Thursday, August 17, 2006

Alterman, Part Three, and Some Other Book

In a healthy nation with an informed electorate and a truly representative political system, a fellow like our author of the week, Eric Alterman, could find himself in Congress or standing behind the podium now occupied by Tony Snow of FOX News.

What, you think I'm nuts? I think he'd make a terrific press secretary, because he's a teacher of journalism: he'd challenge these dweebs in the White House press corps exactly as Stephen Colbert challenged them—with irony, sagacity, and wit. Here's a sampling of the latter, from What Liberal Media:

Part of the credit for Bush's low expectations belonged to Ronald Reagan, the topic of many a dewey-eyed tribute during the Republican primary season...The rose-colored nostalgia for a president who could not recognize his own son at his high school graduation set a bar for Bush that would have been difficult for him to miss if he had been genuinely retarded. Bush could not help but perform up to this minimum level of competence. (p. 155).

Now if that doesn't make you want to run out and buy this book, I don't know what will.

But the best thing about Alterman as a press secretary would be how he could teach the drones how to ask real questions again, and not loosen their teeth around the pant leg of Power until they had answers that were substantive and meaningful. In the "W's World" chapter, Alterman lists a bunch of questions that he wanted answers to (that we all want answers to still), which he publicly asked Dubya in September, 2002, in a column he wrote for The Nation. These are just a few of them:

• Why did the Bush national security team ignore the Al Qaeda briefing it received from President Clinton's national security adviser, Sandy Berger, in the fall of 2000?
• Why did the president ignore the August 2001 intelligence briefing warning him of the likelihood of an Al Qaeda hijacking?...
• Why didn't the National Security Agency have foreign language expertise to translate the words "Tomorrow is zero hour," spoken by Al Qaeda operatives and picked up in real time on September 10, 2001?
• Speaking of Ground Zero, does anyone know if it's safe to breathe the air down there?
• How did Bush decide on war with Iraq without consulting the uniformed military, the intelligence agencies, the United Nations, NATO...? (pp. 216-217).

Imagine if we had people in that room asking questions like that? Imagine if 8-inch Gannon was out in the margins where he belongs—on a geocities website made in Netscape Composer 4—and Helen Thomas was in the front of the room again, in the company of colleagues eager to "afflict the comfortable," as the saying goes, with razor-edge questions? For that to happen, we need someone like an Eric Alterman in that position that has been held with such an abhorrent weakness by the likes of Ari, Scotty, and Tony. Keep this in mind as you're reviewing your choices for 2008.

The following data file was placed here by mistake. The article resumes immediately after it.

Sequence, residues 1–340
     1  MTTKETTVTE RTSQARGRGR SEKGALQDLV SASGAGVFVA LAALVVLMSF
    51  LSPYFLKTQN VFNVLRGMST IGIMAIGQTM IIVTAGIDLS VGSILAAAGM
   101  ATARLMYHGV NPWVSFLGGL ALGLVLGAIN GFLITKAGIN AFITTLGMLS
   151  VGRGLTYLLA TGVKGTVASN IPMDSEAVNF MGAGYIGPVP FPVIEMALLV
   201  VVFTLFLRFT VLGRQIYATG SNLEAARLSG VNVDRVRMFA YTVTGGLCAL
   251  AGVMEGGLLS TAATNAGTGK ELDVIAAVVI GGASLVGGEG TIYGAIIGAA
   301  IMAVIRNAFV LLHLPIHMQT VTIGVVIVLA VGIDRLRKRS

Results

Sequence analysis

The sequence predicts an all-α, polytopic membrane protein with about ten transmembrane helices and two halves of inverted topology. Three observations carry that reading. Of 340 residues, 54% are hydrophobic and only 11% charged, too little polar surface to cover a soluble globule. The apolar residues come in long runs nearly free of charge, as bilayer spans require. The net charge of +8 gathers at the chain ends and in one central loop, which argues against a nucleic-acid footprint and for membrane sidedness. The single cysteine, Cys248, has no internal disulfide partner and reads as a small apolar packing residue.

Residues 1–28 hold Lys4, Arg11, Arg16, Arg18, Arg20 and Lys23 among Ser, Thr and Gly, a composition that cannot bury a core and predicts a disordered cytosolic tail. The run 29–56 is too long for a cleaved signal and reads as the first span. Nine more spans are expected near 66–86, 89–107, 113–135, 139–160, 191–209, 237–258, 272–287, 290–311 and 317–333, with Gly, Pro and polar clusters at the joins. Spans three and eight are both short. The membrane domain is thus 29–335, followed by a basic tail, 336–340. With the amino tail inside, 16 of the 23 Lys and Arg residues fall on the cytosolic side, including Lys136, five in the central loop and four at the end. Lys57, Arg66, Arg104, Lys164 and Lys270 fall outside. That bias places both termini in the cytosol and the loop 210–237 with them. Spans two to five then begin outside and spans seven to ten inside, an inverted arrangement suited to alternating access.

From bestseller to worstseller:

My latest book, Life Lessons in a Time of War has an amazon ranking of "none." That means, zero copies sold. Does it deserve that ranking? Well...we excerpt, you decide:

We live in a world where fools are adored, and arrogance rewarded. We live in a time when real work is paid with scorn, as if it were a disgrace, and when the sham of busyness is given credit, and often stock options. Ours has become a nation so obsessed with image that the once living substance inside has rotted into a stinking lump of darkness.

Every morning, on the subway, I see people reading God, in black or tawny red books with gilt lettering on their dark covers. I wonder, "is god there—in those books?" Surely it is there, somewhere, though not in the language.

I look for god in the same places where the great scientists have, though without even a shadow of their insight and ability. I look between the lines, in the atoms comprising those pages, in the quantum space that patiently carries the images. But god can't control whether those images are the pictures of a delusion. Only you can.

Is God in His heaven, talking over a golden phone to a squint-eyed, vapid white man in Washington or Crawford who can't string two sentences of decent English together at a time? Is He magically engorging the cranial vasculature of an old white minister of state in Israel, as punishment for having divided a desert filled with bullets and fables? Is He silently plotting the murder of a socialist leader in South America, for the greater glory of Himself and His appointed television spokesmen? Is He intelligently designing a world where cruise missiles decapitate children, and white phosphorous melts the skin of widows?

The real god that you breathe in and exhale in every moment, that dances through your bloodstream and even your bowels—this god is in your flesh—you are it and it is you. This god is the subatomic ocean that sparkles in the lips of lovers or the eyes of children. It is always at rest, and never stops moving; and will never be trapped in the slimey snares of fundamentalism. So let the dead rot—fundamentalism is shit for the compost heap.

Have you ever wondered why tyrants are never assassinated? How can you kill what is already dead? Every tyrant kills the god within himself, until only a shell, an empty image, remains. Bush, Cheney, Rumsfeld, and all their ilk, are hollow husks whose rot will feed the tree of history, and thereby nourish the next generation, and fertilize the coming transformation.


Erratum: Someone—maybe Professor Alterman himself—was good enough to remind me that in yesterday's post, I misidentified the home of Alterman's "Think Again" column. It is, of course, published at the Center for American Progress; though Dr. A. also publishes a regular column on the media at The Nation.

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